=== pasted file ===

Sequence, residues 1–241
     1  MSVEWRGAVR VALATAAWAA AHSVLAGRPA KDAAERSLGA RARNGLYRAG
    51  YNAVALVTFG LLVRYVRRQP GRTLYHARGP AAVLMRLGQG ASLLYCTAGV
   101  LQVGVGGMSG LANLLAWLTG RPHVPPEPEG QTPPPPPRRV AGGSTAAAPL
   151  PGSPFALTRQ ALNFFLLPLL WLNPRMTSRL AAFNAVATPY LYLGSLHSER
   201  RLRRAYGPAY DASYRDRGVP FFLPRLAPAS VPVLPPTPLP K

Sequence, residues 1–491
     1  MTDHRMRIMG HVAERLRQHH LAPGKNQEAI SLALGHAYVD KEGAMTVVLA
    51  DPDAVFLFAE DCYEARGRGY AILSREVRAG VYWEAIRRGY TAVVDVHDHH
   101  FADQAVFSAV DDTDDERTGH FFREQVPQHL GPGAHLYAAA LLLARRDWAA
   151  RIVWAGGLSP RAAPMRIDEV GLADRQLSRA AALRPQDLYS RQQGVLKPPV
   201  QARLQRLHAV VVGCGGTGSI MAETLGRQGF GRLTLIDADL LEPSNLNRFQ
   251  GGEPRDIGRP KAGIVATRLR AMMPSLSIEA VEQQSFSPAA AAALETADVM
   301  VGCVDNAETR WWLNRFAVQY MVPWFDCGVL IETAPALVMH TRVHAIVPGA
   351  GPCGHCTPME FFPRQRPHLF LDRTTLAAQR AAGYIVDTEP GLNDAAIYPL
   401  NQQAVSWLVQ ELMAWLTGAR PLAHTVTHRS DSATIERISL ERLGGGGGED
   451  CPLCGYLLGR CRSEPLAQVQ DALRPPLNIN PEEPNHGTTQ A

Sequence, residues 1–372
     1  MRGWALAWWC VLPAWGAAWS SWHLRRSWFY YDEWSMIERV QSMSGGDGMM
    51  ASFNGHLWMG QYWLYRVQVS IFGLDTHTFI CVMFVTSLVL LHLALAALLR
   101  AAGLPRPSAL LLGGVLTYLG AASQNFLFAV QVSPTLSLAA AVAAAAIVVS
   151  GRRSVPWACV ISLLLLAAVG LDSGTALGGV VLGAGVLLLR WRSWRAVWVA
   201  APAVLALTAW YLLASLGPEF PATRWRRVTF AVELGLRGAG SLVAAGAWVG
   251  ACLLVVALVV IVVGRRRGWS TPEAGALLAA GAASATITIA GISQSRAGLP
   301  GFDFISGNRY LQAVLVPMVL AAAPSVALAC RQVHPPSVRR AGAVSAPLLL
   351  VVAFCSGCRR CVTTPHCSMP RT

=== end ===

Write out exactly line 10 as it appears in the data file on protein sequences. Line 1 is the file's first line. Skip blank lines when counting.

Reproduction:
   101  FADQAVFSAV DDTDDERTGH FFREQVPQHL GPGAHLYAAA LLLARRDWAA